Boeing 737 could soon be removed from St. Johns River

Barges in place Tuesday to remove Miami Air flight that skidded into water

Barges and cranes are being used to remove the Boeing 737 that skidded off the runway at Naval Air Station Jacksonville into the St. Johns River.

JACKSONVILLE, Fla. – A Boeing 737 that slid off the runway at Naval Air Station Jacksonville could be removed from the St. Johns River as early as Tuesday.

Before workers could start the process of removing the plane, the fuel had to be removed, an effort that was complicated by stormy weather and the fact that the plane remained partially in the water, officials said.

But all the fuel was taken out by Monday night, and barges were moved into place Tuesday morning.

A Navy spokeswoman said 1,200 gallons of fuel was removed, which would mean about 400 gallons leaked into the river. Crews had set up booms to contain the spill, and it's uncertain how much of the fuel was recovered from the water.

The St. Johns Riverkeeper said Monday that environmental damage appeared to be minimal.

Navy contract partners were preparing the aircraft to be loaded onto a barge by crane.

The process involves divers securing straps around the plane, which could take some time. They have to fully strap it up to be able to lift it onto the barge. If all goes well, the plane could be on the barge by early evening, but the work must be completed in daylight, so it will depend on how far they get before sunset.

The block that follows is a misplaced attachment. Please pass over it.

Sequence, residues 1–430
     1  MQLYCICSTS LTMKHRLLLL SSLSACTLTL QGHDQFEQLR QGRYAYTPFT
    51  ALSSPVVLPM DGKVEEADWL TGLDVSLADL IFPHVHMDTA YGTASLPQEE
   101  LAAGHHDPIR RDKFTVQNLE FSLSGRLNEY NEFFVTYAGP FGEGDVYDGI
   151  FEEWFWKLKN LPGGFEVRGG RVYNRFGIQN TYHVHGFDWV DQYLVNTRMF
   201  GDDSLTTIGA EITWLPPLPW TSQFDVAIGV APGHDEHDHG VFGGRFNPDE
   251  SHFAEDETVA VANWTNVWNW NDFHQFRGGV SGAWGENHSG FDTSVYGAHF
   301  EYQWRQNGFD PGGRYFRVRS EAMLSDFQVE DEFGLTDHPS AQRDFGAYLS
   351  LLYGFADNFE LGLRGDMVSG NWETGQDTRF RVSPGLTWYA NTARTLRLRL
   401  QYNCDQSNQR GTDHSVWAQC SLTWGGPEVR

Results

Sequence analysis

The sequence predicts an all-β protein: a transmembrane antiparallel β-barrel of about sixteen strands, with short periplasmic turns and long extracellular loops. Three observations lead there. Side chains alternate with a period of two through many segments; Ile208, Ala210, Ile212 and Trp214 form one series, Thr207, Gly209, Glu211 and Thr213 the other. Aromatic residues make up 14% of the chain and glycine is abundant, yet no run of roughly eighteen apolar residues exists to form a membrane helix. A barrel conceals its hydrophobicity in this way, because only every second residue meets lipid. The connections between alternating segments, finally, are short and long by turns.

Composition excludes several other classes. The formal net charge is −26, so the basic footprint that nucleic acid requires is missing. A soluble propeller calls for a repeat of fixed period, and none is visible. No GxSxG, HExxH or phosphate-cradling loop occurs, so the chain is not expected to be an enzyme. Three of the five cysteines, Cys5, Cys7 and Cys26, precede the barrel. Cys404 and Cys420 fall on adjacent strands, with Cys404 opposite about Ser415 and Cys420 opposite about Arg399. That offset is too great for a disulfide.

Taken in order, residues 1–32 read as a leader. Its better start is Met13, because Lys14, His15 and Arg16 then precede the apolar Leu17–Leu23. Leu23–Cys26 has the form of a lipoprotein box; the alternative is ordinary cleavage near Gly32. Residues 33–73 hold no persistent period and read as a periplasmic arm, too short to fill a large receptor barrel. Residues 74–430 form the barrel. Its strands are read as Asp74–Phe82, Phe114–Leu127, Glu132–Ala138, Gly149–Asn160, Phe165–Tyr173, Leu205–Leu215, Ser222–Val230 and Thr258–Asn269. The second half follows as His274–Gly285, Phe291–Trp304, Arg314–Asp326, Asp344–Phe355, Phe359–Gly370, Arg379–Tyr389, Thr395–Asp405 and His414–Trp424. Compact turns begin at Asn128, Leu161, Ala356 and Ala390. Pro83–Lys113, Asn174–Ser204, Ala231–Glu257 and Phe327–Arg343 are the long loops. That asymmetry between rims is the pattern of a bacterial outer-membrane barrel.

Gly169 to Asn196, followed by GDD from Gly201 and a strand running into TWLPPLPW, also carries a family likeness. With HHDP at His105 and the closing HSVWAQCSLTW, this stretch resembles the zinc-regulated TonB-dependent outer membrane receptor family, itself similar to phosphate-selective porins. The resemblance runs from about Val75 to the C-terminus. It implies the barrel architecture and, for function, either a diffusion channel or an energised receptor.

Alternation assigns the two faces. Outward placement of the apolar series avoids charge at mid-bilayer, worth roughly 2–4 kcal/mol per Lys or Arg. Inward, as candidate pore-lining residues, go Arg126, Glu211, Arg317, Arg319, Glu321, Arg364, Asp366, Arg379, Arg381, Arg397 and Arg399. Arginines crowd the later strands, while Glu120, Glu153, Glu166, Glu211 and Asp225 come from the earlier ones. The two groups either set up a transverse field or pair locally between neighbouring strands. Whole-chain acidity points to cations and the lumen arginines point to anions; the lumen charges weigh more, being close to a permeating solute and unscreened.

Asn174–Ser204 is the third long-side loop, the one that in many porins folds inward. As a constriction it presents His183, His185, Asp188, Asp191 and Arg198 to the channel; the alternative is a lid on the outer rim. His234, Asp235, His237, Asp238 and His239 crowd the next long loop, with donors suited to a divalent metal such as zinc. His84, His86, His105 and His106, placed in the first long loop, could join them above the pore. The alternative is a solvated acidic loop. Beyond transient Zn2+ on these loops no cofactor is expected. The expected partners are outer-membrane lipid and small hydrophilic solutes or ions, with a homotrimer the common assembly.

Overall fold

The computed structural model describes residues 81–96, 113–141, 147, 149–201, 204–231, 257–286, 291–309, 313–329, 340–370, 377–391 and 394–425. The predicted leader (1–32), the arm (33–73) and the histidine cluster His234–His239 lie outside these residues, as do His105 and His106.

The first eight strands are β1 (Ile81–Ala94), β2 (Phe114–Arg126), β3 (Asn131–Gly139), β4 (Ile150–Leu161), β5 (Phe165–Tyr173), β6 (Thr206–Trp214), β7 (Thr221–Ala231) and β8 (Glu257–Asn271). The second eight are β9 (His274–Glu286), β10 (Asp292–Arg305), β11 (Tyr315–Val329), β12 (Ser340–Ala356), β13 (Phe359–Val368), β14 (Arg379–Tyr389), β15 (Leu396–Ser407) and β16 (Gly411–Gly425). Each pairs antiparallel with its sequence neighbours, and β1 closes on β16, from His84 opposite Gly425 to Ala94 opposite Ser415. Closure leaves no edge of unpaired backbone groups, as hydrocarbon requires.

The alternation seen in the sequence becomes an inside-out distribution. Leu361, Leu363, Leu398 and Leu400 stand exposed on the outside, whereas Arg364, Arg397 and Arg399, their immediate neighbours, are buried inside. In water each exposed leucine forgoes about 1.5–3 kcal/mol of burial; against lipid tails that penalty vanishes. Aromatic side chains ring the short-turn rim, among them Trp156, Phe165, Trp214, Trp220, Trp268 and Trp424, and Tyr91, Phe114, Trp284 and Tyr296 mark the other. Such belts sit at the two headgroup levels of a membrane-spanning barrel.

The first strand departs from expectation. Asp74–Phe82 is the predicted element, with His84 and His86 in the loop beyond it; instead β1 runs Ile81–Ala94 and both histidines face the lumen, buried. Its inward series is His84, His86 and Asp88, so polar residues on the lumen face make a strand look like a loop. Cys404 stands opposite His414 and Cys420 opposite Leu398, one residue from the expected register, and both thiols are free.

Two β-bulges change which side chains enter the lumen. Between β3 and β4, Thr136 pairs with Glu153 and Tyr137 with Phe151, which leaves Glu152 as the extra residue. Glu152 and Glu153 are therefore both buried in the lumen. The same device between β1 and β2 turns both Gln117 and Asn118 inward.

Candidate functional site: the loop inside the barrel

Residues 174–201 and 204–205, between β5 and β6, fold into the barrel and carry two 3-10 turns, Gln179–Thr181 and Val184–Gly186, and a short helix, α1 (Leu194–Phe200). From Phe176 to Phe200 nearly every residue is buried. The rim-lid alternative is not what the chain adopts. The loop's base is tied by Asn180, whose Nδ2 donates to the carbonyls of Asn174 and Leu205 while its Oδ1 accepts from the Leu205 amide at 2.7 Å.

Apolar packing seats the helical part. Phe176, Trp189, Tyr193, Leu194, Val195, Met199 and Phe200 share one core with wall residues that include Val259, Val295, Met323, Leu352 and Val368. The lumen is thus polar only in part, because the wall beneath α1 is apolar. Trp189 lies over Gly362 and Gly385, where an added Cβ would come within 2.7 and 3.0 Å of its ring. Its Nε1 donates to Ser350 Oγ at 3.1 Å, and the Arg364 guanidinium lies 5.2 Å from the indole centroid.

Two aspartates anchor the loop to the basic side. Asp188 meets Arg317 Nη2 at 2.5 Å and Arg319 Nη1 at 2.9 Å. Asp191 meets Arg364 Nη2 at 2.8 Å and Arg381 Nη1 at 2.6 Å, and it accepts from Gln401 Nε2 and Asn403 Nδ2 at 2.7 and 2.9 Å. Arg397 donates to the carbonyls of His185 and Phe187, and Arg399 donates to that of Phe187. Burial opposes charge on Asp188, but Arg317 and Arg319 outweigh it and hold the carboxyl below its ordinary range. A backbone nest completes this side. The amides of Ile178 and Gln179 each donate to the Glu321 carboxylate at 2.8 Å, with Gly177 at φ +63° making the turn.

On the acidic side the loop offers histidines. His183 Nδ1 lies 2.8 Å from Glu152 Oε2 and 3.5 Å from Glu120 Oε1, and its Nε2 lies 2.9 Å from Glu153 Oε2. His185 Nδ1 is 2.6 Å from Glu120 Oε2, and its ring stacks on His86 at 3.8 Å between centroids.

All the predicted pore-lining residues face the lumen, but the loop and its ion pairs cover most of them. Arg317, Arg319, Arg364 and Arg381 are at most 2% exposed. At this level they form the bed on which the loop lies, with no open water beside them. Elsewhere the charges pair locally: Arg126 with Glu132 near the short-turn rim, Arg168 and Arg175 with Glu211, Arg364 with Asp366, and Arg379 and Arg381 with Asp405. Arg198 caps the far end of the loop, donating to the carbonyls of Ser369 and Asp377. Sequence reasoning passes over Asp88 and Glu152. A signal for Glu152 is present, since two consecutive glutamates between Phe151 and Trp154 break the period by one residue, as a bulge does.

Once safely secured on the barge, the plane will be taken to a secure location, NAS Jacksonville said in a news release.

The Navy spokeswoman said the Navy is not paying for the removal of the plane. The cost is being covered by Miami Air's insurance company. She did not say how much it was costing.

The NAS Jacksonville airfield remains closed for all incoming aircraft until salvage operations are completed, officials said.

The Miami Air flight slid off the runway Friday night and into the St. Johns River after arriving from Guantanamo Bay, Cuba.

All 143 passengers and crewmembers survived, but three pets in the cargo hold died.

National Transportation Safety Board representatives are investigating the cause of the accident.